Ethics statement

The study was approved by the institutional review boards (NMC-2021-04-054). Written informed consent was acquired from the participants.

Statistical analysis

Continuous variables are expressed as the mean±standard deviation (for variables with normal distributions) or medians (25th–75th percentiles) (for variables with nonnormal distributions), and categorical variables are expressed as number (%). The baseline characteristics, biochemical results, and muscle strength results were compared using the χ2 test, Student t-test/Mann–Whitney U-test, paired t-test/Wilcoxon signed-rank test, or analysis of variance/Kruskal–Wallis tests, as appropriate. Multiple regression analysis was used to identify significant factors related to muscle strength by using variables with P-values below 0.05. All statistical analyses were performed with IBM SPSS Statistics ver. 20.0 (IBM Co., Armonk, NY, USA). P-values were two-sided and were considered significant at P<0.05.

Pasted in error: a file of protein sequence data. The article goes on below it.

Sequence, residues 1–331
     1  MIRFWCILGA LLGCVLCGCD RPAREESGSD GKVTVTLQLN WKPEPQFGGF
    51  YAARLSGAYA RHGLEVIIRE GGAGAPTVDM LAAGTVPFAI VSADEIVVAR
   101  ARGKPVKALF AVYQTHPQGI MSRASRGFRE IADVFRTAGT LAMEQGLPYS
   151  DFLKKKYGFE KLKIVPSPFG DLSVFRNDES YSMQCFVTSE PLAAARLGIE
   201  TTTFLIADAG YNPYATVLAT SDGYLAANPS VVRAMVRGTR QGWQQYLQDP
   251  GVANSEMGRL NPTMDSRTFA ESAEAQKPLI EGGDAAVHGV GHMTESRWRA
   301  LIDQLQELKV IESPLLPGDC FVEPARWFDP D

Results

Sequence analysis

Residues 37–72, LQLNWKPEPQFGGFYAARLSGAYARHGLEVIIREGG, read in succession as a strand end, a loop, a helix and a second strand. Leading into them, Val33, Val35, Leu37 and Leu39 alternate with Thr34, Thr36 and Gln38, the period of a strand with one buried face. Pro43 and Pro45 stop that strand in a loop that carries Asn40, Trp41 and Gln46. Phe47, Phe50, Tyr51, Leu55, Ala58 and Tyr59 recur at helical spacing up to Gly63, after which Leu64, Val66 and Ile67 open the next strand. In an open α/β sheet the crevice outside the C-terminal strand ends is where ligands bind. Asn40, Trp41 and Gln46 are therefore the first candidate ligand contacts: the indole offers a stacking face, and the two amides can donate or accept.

RESULTS

Baseline characteristics

The demographic and biochemical characteristics of the participants at each measurement are summarized in Table 1. In December 2020, the mean age was 62.1 years, and 73.2% of the patients were male. Diabetes was the cause of kidney failure in 49.6% of the patients, and the median HD vintage was 44 months. A total of 49.0% of patients reported that they performed regular home-based exercise, and 15.4% of patients regularly participated in IDE. The proportion of patients who performed regular home- or hospital-based exercise decreased from January to December. Mean HGS and LMS were 21.5 and 29.8 kg, respectively.

HGS and LMS

Table 2 compares HGS and LMS between the general population (Korea National Health and Nutrition Examination VI-3 survey [Yoo et al., 2017] and Takei Scientific Instruments Co., Ltd. presented) and HD patients in December 2020. The HGS of HD patients was approximately 15%–50% less than that of the general population in almost all age groups in both males and females. The LMS of HD patients started to decrease after the age of 70 in both males and females, and it was approximately 20%–40% less than that of the general population.